Re: Limonene and pregnancy in lab, degrees

<< Previous Message | Next Message >>
From:"Jeff Silverman" <>
To:"Mark & Carrie Byrne" <>, "Yaskovich, Ruth A (NIDCR)" <RYaskovich@DIR.NIDCR.NIH.GOV>, "histonet" <>
Date:Fri, 30 Apr 1999 18:22:05 -0400
Content-Type:text/plain; charset=ISO-8859-1

Lets not forget that D-limonene is reported to have strong anti-cancer
activity. I'm glad I'm not allergic and find it a pleasure to use (no
commercial interests here at all!)  From  J Nutr 1999 Mar;129(3):775S-778S 
- d-limonene, which comprises >90% of orange peel oil, has chemopreventive
activity against rodent mammary, skin, liver, lung and forestomach cancers.
d-limonene also has chemotherapeutic activity against rodent mammary and
pancreatic tumors. As a result, their cancer chemotherapeutic activities
are under evaluation in Phase I clinical trials. 

Also see: Nutr Cancer 1998;32(1):1-7  Monoterpenes inhibit cell growth,
cell cycle progression, and cyclin D1 gene expression in human breast
cancer cell lines. 
Bardon S, Picard K, Martel P. 

Another good one: Cancer Chemother Pharmacol 1998;42(2):111-7  Phase I and
pharmacokinetic study of D-limonene in patients with advanced cancer.
Cancer Research Campaign Phase I/II Clinical Trials Committee. Vigushin DM,
Poon GK, Boddy A, English J, Halbert GW, Pagonis C, Jarman M, Coombes RC
 D-Limonene is a natural monoterpene with pronounced chemotherapeutic
activity and minimal toxicity in preclinical studies. A phase I clinical
trial to assess toxicity, the maximum tolerated dose (MTD) and
pharmacokinetics in patients with
advanced cancer was followed by a limited phase II evaluation in breast
cancer. METHODS: A group of 32 patients with refractory solid tumors
completed 99 courses of D-limonene 0.5 to 12 g/m2 per day administered
orally in 21-day cycles.
They concluded that D-Limonene is well tolerated in cancer patients at
doses which may have clinical activity. The favorable toxicity profile
supports further clinical

Here, people are INGESTING limonene. Of course, you need to check your MSDS
to be sure that there are no additives in the product you use. Also, since
limonene affects cell proliferation, this would be unwanted during a
pregnancy, where cell proliferation is what its all about. But it appears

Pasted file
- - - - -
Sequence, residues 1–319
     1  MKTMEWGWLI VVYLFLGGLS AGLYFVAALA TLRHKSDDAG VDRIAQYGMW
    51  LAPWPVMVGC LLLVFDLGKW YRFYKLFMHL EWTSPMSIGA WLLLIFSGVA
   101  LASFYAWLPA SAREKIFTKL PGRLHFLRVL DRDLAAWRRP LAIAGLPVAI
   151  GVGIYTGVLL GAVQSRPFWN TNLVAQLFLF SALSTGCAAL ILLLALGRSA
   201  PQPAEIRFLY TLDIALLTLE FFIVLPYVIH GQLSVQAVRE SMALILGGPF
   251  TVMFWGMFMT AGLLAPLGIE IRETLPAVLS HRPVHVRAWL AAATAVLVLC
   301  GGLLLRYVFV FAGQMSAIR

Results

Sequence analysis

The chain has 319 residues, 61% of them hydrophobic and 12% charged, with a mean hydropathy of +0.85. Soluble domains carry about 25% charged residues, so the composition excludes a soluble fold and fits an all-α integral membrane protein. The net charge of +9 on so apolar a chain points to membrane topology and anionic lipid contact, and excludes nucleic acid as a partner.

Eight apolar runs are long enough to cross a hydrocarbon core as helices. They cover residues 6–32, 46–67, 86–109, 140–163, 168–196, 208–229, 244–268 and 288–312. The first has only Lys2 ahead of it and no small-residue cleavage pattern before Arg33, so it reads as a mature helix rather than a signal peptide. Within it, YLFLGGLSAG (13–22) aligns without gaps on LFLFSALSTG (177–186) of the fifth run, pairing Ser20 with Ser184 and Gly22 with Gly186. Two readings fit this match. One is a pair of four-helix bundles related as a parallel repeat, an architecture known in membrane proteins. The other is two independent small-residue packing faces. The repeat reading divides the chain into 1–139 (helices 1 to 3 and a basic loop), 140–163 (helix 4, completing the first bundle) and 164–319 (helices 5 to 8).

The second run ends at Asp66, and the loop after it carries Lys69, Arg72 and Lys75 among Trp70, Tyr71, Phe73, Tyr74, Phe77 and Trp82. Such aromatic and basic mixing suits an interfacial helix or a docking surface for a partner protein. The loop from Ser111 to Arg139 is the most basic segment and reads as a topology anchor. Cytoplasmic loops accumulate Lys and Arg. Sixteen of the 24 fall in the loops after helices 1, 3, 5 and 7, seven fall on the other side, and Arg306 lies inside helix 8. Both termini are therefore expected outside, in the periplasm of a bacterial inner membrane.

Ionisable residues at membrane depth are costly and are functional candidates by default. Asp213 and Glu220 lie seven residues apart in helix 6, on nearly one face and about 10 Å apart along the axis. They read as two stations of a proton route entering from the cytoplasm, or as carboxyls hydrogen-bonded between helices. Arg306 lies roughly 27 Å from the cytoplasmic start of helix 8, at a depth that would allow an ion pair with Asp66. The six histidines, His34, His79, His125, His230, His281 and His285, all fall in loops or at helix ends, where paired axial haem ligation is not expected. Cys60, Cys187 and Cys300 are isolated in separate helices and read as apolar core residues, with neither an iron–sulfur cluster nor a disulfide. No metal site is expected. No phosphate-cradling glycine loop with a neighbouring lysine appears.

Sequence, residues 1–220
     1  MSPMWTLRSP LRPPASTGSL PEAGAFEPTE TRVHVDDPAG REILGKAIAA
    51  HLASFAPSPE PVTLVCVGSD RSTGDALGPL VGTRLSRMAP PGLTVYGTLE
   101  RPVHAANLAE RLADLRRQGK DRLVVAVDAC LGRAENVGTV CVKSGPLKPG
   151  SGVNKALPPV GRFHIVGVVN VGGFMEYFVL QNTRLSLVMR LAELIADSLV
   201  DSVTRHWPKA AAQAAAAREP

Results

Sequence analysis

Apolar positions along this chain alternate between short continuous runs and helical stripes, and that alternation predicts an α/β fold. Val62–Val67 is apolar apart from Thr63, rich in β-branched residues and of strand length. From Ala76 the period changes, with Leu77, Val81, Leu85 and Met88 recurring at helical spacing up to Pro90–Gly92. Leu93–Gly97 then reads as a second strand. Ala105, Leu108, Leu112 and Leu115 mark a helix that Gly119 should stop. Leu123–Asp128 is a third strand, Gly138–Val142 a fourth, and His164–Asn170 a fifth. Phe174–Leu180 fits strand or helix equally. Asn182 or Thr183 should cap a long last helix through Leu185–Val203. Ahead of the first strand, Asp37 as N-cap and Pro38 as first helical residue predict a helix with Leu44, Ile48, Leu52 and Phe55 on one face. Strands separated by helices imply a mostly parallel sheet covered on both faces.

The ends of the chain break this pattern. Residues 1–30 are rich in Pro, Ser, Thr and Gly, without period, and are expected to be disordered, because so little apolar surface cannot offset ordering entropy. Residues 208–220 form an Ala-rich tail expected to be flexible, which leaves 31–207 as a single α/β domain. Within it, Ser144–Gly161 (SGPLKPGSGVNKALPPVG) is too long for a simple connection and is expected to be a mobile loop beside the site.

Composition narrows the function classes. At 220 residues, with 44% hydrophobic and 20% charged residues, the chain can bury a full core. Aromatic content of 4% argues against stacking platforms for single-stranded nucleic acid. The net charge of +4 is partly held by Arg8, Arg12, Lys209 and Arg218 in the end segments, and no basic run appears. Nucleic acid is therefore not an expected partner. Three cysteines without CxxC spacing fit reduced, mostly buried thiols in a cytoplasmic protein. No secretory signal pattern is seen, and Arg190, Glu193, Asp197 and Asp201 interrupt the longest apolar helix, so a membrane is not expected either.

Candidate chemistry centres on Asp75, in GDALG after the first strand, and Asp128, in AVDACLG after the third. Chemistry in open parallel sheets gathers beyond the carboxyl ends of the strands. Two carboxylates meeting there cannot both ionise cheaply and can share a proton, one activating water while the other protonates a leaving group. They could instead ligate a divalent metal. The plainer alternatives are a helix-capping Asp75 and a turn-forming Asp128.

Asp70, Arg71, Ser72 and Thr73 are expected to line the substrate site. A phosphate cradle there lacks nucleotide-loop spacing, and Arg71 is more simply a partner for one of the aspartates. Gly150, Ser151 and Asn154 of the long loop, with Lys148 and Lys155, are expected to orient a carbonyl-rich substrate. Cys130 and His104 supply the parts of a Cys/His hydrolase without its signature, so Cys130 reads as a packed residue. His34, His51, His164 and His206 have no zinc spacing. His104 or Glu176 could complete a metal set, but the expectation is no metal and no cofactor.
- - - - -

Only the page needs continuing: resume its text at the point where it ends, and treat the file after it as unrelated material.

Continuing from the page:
likely that usage with normal precautions during pregnancy is harmless. 

Re: degree or no degree- I don't think anyone wants to take away any
non-degreed person's  HT or HTL but for the future, AS is probably going to
be the minimum for HT, although entry level salaries don't make this that
attractive- even less so for BS/HTL. In any career- related situation, it
is the individual's thirst for knowlege and understanding that determines
their ability to succeed and advance. True, attaining a degree (usually)
forces one to acquire these habits and abilities, but not always, and they
don't necessarily  persist past graduation. I got my HTL grandfathered as a
non-degreed HT with eight year's experience in 1983 and I have continued to
study, inquire and investigate and keep up with the literature on surgical
pathology and  IHC, also FISH, PCR and such, even though I've never done
these. It all in one's love for their chosen profession. I've currently got
a waitress from the local  diner helping me in histo- accesioning,
coverslipping, manual H&E and PAP stains and maintenance of the stains
(under my close supervision) as well as basic specials like alcian blue and
Diff Quick. She's picked it up quickly and does an excellent job. I've had
her cutting autopsies and fallopian tubes and she's pretty good at that
too. Without her help, I'd have to do it alone since the boss owns the lab
now and won't pay for a trained second person. 

Just my 2.5 cents, everyone have a lovely weekend.

> From: Mark & Carrie Byrne <>
> To: Yaskovich, Ruth A (NIDCR) <RYaskovich@DIR.NIDCR.NIH.GOV>; histonet
> Subject: RE: pregnancy in lab
> Date: Thursday, April 29, 1999 7:19 PM
> gee, a lab without chemicals for preggy techs....that would be nice but
> most of us only a pipe dream.
> we've had 2 techs pregnant in the last 2 years (i was one of
> no ill effects on the babies.....we did limit our exposure to as many
> chemicals as possible but otherwise no "extra" precautions were taken
> than our standard protective stuff.
> i believe that the limonene based xylene subs should be safe enough to
> (with gloves and a good fume hood, of course).  it is used in a number of
> cleaning products available in grocery/hardware/drug stores.
> carrie kyle-byrne
> salem hosp.

<< Previous Message | Next Message >>